It’s starting to make the regional theatre rounds, new productions are popping up, and there are no happier people than composer Paul Scott Goodman and his wife Miriam Gordon, who composed and co-wrote the book of the musical ROOMS a rock romance. DC audiences and critics loved the MetroStage production of the show, which won a Helen Hayes Award for the incredible performance of Natascia Diaz as the quirky and overly-determined Monica P. Miller, and which also co-starred the talented singer and guitarist Doug Kreeger.
When I heard that 11th Hour Theatre Company was producing ROOMS in Philadelphia starring two of my favorite Philly actors/singers Michael Philip O’Brien (who won the Barrymore Award this year for his riveting performance in the a cappella musical Avenue X) and actress Alex Keiper, who stole the show at many of the readings of the new musical The Tapioca Miracle, which I have been covering for DC Theatre Scene, and that Barrymore-winning musical director (also for his work on Avenue X) Dan Kazemi was musical directing this production, I had to see it! I love Paul Scott Goodman’s score, and couldn’t wait to hear Michael and Alex sing it.
MetroStage’s Artistic Director Carolyn Griffin, Paul, and I drove up to Philly on Monday, April 26th. For Paul, it was a nice break from performing Son of a Stand Up Comedian, which is playing at MetroStage through May 9th. What we all saw that night at The Prince Music Theatre stage was thrilling. It was “Industry Night” and local actors and directors, and others who work in the Philly theatre community came to watch Michael and Alex, and they cheered loudly throughout the performance. It was a night to remember!
I’ve asked Paul, Miriam, Carolyn and Van Hill Entertainment’s Van Dean and Hillary Cutter (producers of the Off-Broadway production of ROOMS) to share what they saw that night, and I asked Michael, Alex, Director Megan Nicole O’Brien, and Musical Director Dan Kazemi to enlighten us about their roles, vision, direction, and musical challenges of producing 11th Hour Theatre Company’s production of ROOMS. I also asked Carolyn, Miriam and Paul to talk about Son of a Stand Up Comedian.
Alex Keiper (Monica P. Miller) and Michael Philip O’Brien (Ian Wallace)
Joel: You are playing Monica and Ian. How do you relate to your characters?
Alex: Monica is an ambitious young girl whose life goal is to gain recognition and stardom. There’s nothing that can get in the way of her reaching her dreams, or so she thinks. I relate to her drive, the most. My work is so important to me that I am willing to put a lot of my personal life aside for it. But the difference between she and I is how we rate our successes. I find satisfaction and worth inside myself when I have decided I’ve done something well, or up to my standards, Monica needs others to give her recognition and when that’s the case – you’re bound for trouble, since the only thing we can control is ourselves.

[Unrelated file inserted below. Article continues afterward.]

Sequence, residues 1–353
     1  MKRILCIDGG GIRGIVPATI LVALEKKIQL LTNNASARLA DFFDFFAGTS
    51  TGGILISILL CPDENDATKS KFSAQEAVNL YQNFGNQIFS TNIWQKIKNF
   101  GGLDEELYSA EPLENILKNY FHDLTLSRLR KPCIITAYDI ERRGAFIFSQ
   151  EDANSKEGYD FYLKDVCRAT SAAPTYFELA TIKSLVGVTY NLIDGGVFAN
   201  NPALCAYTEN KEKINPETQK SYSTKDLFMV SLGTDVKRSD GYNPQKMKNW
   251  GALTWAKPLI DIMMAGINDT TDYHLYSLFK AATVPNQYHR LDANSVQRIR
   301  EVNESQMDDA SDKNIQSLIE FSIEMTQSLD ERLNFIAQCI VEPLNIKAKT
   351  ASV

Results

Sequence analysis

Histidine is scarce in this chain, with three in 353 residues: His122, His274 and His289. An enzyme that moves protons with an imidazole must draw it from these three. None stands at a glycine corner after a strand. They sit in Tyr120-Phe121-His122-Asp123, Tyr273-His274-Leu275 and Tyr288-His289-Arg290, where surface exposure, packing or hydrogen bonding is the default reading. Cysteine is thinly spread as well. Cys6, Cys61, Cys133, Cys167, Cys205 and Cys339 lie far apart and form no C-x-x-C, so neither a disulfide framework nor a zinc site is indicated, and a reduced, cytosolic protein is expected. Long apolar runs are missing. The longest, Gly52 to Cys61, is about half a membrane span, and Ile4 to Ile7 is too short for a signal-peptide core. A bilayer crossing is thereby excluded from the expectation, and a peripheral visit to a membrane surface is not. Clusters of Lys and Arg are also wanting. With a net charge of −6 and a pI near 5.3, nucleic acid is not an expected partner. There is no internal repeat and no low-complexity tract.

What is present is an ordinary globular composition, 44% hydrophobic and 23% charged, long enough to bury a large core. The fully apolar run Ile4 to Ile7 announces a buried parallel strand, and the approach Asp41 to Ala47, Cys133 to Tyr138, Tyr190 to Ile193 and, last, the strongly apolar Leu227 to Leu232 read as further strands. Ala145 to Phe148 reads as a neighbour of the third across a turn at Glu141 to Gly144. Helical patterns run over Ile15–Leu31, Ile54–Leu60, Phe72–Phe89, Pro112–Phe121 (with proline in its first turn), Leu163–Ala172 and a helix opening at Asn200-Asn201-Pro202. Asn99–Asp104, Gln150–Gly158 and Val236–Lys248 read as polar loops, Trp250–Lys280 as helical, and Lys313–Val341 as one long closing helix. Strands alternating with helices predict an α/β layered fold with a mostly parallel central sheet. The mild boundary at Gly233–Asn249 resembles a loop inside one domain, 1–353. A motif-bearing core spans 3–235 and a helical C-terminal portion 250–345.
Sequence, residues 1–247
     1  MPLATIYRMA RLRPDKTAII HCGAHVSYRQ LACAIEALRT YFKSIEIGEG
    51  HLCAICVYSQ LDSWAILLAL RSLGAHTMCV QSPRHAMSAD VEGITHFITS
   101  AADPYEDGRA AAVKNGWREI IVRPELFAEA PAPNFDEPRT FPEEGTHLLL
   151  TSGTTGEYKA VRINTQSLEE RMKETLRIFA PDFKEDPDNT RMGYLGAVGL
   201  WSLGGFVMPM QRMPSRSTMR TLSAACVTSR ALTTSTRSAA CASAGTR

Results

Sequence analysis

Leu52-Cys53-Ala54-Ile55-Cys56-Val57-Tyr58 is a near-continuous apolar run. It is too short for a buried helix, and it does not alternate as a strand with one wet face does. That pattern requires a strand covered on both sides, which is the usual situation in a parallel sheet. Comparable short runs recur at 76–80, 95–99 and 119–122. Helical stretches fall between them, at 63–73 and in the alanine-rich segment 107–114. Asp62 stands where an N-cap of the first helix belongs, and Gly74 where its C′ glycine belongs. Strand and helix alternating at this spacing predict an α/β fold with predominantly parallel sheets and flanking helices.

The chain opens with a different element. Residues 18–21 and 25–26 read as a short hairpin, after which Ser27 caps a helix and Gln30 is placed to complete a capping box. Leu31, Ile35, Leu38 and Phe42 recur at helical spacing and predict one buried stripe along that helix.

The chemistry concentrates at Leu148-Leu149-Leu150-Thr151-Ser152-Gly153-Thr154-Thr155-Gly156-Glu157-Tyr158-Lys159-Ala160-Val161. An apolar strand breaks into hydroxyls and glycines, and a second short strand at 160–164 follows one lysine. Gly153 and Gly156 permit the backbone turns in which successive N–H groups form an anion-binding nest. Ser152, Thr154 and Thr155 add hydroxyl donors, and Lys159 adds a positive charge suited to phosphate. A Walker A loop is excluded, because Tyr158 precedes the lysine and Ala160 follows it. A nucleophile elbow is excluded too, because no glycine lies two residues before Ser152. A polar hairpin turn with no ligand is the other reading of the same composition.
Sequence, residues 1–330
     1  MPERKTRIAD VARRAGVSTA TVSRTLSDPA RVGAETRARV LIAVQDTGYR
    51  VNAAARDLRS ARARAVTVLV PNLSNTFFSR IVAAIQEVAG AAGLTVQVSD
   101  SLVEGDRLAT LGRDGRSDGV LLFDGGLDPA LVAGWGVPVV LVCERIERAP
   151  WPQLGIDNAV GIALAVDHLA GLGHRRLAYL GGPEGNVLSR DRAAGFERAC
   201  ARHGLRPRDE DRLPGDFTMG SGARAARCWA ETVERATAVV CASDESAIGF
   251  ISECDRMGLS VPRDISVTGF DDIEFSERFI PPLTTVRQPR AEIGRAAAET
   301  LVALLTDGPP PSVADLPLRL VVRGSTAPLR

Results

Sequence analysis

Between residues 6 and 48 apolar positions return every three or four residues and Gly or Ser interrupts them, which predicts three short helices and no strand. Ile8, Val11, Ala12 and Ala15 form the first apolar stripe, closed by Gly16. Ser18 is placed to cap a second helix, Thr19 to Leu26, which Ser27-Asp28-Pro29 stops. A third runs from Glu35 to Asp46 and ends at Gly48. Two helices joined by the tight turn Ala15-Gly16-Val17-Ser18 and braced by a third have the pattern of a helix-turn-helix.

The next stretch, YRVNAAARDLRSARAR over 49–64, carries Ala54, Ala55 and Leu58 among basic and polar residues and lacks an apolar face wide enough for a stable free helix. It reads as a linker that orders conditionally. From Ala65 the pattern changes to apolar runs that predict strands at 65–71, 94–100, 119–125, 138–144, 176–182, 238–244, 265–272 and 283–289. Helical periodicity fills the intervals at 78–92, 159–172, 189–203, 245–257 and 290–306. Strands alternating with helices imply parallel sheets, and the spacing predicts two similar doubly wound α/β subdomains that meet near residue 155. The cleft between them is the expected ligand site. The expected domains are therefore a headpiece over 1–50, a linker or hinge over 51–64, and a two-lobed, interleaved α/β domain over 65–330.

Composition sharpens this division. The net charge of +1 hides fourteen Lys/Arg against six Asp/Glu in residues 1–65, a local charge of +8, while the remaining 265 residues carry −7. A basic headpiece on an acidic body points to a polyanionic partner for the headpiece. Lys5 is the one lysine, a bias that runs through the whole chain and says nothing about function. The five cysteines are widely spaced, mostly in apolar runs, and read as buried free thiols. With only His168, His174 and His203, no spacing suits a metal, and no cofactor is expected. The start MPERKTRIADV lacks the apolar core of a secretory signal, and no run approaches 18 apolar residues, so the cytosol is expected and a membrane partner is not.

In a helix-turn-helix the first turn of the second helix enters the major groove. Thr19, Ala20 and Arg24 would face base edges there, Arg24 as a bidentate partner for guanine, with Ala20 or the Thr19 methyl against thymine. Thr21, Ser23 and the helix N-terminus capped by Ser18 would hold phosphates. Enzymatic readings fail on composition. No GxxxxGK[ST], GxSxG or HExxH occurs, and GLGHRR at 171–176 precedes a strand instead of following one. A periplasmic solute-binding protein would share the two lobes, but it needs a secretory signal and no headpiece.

Michael: Initially, I wasn’t sure about the best way to tap into Ian. I think ultimately I had to find the ways that he and I were alike. Once I was able to find those things, the character began to develop much faster.
Joel: Why did you want to play Monica and Ian?
Alex: As I was growing up and looking at becoming an actor, I was always told that I was not bound to be the leading lady type. Being a quirky, funny character actor was definitely in my future, but I had little hope of ever being the one who the story is about. Fortunately for me, the exciting and interesting ingénue is now coming into focus in contemporary musical theater! Monica is just that, and I don’t think I could’ve asked for a better opportunity as my very first leading role. ROOMS is a challenge for two actors who will get to show their range vocally and emotionally. What a ride!
Michael: I think this character was a challenge in every way. It is an extremely challenging role to sing. Also, the whole show is in a Scottish accent, you play the guitar throughout the show and the relationship between these two characters
Joel: What were your biggest challenges?
Alex: The biggest challenge in playing Monica has been truthfully creating her emotional arc. A lot happens to this girl from the beginning of the story to the end, and each difficult and emotional decision has to come organically otherwise the audience won’t be along for the ride. During previews, it was exciting to find her physical arc. To start, Monica is young, bouncy, and energized. She has a hard time sitting still. As the story goes on, she becomes manic and anxious to match her rising stakes. By the end – she is rational, calm and truthful, so it becomes important for her to stand her ground. What an exciting challenge to grow up with a character on stage every night.
Michael: Definitely making sure that Alex and I really created the chemistry between these two characters so that the audience was truly invested in the show and story.
Joel: How would you describe Paul Scott Goodman’s score?